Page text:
Here are links to two interesting Korean documentaries on Traditional Korean weaponry, training and modern-day ‘warriors.’ Most of the weapons appear in the Muyedobotongji (武藝圖譜通志 – 무예도보통지) which was commissioned by King Jeongjo in 1790. Some of the treaty was based on earlier writing. The Muyedobotongji appeared in 4 volumes containing 23 chapters and outlining 24 methods. The work was written in Hanja though a further volume was produced in Korean script, (Hangul).
The first video focuses on cavalry training and the use of weapons on horseback most especially archery. There are numerous organizations researching ancient texts such as the Muyedobotongji and those involved are usually proficient in various Korean martial arts and are proficient at reading Hanja. Symposia are regularly held to discuss various interpretations of text and diagrams. Both videos are in Korean but they are largely self-explanatory.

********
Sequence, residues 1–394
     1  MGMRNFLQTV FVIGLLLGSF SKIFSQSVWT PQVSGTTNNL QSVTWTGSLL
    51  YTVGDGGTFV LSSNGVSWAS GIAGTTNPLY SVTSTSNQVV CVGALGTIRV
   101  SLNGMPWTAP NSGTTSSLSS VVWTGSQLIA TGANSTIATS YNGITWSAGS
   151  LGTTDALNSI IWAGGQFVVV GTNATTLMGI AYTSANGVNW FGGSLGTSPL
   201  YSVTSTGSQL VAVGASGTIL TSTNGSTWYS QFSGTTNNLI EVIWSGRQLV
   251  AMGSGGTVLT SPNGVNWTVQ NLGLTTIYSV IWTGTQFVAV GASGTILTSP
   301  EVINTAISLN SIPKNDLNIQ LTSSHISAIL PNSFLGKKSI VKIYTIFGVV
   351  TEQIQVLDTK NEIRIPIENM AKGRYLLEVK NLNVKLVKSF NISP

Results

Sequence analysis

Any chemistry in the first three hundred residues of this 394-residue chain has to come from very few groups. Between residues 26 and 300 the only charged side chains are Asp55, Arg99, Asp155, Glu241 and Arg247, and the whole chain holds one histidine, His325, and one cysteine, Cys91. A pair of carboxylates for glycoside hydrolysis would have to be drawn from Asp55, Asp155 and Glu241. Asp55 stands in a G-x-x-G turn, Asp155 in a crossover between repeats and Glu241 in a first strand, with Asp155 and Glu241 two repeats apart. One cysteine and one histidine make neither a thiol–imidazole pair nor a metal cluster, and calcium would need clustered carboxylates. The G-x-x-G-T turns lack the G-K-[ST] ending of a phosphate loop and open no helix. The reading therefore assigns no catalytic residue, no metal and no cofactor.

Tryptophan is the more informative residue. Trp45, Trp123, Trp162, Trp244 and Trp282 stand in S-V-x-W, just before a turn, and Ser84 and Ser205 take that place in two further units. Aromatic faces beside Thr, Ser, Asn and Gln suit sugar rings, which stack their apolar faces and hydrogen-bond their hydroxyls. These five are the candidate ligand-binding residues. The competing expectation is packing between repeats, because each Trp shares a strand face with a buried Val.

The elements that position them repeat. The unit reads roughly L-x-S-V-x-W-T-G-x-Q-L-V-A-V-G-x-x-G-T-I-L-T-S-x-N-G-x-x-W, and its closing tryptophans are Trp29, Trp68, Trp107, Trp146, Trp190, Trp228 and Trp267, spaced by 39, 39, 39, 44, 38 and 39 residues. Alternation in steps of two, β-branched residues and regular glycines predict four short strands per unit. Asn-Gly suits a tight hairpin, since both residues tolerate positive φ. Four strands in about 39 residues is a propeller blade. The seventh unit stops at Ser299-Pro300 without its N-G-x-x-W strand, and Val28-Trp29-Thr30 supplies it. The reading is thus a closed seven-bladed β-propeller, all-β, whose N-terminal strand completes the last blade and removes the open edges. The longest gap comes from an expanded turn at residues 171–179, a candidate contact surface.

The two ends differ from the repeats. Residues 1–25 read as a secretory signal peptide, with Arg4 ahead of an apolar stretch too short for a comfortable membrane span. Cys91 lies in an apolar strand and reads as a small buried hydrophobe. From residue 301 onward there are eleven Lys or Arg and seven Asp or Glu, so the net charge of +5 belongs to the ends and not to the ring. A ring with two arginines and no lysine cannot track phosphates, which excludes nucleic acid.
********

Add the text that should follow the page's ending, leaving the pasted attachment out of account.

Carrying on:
The second video focuses on various weapons including the spear (창), pole (봉), and the moon blade (월도 – wol-do). The Korean style sword is also featured. This is similar to the Chinese (Han) version which was both straight and had a double blade. Though the terms ‘keom’ (검) and ‘do’ seem to be used interchangeably, the ‘keom’ was in fact double edged while the ‘do’ consisted of a single blade. Most interesting is the appearance of the both the chuk chang ch’ang (죽장창) and the nangseon (낭선). The chuk chang ch’ang (bamboo long spear) was 4.2 meters. The nangseon is quite an incredible weapon and something I had previously only read about. It is equally as long and looks like a small tree except the branches were sharp and thorny and often tipped with poison. You can’t miss this weapon in the video; it makes its appearance at 7.55.